I had a tremendous awareness of who made how much at the church of my youth. I felt second class because we were poor. No, I felt second class because people who had enough money made sure they felt first class. OK, it was a combination. My parents maintained a blue collar resentment for white collar “rich people” and it rubbed off on me. At the same itme, you could tell by what people wore, what they drove, what status positions they were given at church, and where they sat during worship how much money they made. The preacher was the one exception. He was poor, but had some level of power – until they fired him that is.

Within our churches there is an economic divide that does cut deeper than income. There are biases and assumptions the rich have about the poor and vice versa that are divisive and damaging. Each congregation (for the most part) has an acceptable level of income at the lower end and the upper end. Few people within the congregation fall outside this window. The reason is that the assumptions about people outside the window are so strong and so pervasive that words do not even need to be spoken in order to create so much discomfort that people outside the window don’t even show up, or show up only once if they do.

Why do homeless people attend the Salvation Army and people with 6 figure incomes show up at my church? We would like to blame it all on geographical location (which is still economic), but it is more than that. It is about comfort. The path of least resistence is a sociological reality, but it is not a theological value. Without even knowing it we let economics determine out friendships and thereby limit our investment in the Kingdom of God.

On the macro level. Everytime I hear about African children dying of Malaria (a totally treatable sickness) and a 5 million dollar Capital Campaign for American Churches to build bigger barns, I can’t think about it as justice. Yes, God owns everything!!!!! But He gave a whole bunch of it to us and we refuse to heal the sick and feed the hungry with it. OK, we heal some of he sick and feed some of the hungry. But then we get mad at them if they get hungry or sick again. We say, “give a man a fish and he eats for a day; teach him to fish and he eats for a life time.” We fail to believe that there are no lakes in the desert. There are some people on this planet who just need a whole bunch of fish served to them. Americans resent anyone who is not self-sufficient. We do little to bring more capable, but challenged, people to a level of self-sufficiency.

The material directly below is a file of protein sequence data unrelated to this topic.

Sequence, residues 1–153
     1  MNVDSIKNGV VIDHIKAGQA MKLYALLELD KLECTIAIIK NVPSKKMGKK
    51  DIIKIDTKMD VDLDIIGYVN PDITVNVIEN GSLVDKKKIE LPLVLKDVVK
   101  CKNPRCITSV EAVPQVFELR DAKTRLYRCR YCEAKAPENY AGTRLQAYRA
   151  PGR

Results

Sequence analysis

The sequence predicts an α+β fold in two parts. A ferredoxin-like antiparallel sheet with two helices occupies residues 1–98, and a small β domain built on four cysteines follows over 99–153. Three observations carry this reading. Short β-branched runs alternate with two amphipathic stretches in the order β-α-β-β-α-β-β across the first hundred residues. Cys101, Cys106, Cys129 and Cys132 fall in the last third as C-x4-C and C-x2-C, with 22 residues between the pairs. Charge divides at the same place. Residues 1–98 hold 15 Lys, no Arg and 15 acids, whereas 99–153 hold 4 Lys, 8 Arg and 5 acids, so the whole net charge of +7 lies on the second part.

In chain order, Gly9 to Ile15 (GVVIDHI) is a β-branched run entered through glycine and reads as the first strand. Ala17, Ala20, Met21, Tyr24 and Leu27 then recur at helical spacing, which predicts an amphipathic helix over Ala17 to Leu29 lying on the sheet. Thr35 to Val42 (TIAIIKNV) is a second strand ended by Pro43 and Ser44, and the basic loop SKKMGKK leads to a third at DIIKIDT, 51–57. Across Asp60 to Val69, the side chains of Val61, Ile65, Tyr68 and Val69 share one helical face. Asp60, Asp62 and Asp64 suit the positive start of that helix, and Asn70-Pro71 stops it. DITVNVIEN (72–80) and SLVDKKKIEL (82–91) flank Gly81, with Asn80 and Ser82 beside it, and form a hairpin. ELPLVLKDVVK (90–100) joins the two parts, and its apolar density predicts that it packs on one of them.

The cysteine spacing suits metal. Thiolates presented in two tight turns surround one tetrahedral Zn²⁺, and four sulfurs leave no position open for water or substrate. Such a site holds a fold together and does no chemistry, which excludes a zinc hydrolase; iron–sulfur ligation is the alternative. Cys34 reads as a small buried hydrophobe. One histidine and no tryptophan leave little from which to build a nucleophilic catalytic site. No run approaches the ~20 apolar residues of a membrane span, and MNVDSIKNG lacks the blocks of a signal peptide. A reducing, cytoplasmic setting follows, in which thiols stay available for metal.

I am going to make this statement without reservation: “No one has ever pulled himself up by his own bootstraps.” Go ahead, try to lift yourelf up off the ground pulling only your bootstraps. Folks, who even has bootstraps theses days?

No one, no matter how successful in any way of measuring success, did it themselves? Everyone relies heavily on a context for success. The “self made man” who created such and such business only capped on a context that made it possible for this or that to happen. For some people it is easy and for others it is impossible. Amount of efort put into saomething is not as big a factor as we individualistic Americans would like to believe it is. It’s important, but not the biggest piece, buy far.

Unity 2.0 is the kind of unity that intentioally recognizes economic barriers and then rips them to shreds. Without intentionality, division is inevitible.

Go to Unity 2.0 – Art

Pilgrim of Worship #7: The Dangers of Playing It Safe January 22, 2006

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If you’ve been following Unity 2.0, don’t worry, there is more to come. I neglected, however, to finish my pilgrim of worship series.

After the church explosion in Abilene and the rampant abuse that followed, my joy in worship was sapped. There were songs I could not sing because of the memories. I spent two more years in Abilene trying to figure out how to live and worship.

Finally, I graduated and we moved about as far from Abilene as you can get – Minnesota. We went from dangerous to safe, to put it mildly. If the church I was at in Abilene had been cutting edge before the melt down, then the church I went to was the epicenter of mainstream don’t-step-on-anyone’s-toes-ism. Please, very good people and I have close frineds there, but the church was governed by a mentaility of maintenence. Thus the worship reflected that posture.

The ban on female participation, the mandatory hymns, and skepticism that “camp songs” during worship ignited really brought me back to a place once upon a time. But none of that bothered me initially because at least I knew what I was getting into. There weren’t going to be any Pentecostal Powerplays here, and that is just what I wanted, at first.

As I healed, I grew restless once again. The worship really was dead, from my perspective. Yes, it is about what I bring to it. I did my best. At the same time, what I had to wade through to get there for corporate worship left me looking for Saturday night services at the local community churches. My wife and I went to an unforgettable Sonicflood concert that was surprisingly very worshipful. That was in 2000 and talk about it still.

You know, there is no safe. The dangers of familiarity and comfort are potentially more threatening than the dangers of progress and adventure. This is not the usual common sense through. In fact, I recently heard a church person say that he was glad to live in the box because living outside the box leaves you vulnerable to Satan’s attacks. Inside the box is safe. Well, since I know the context of the comment, I willl get him pass on it.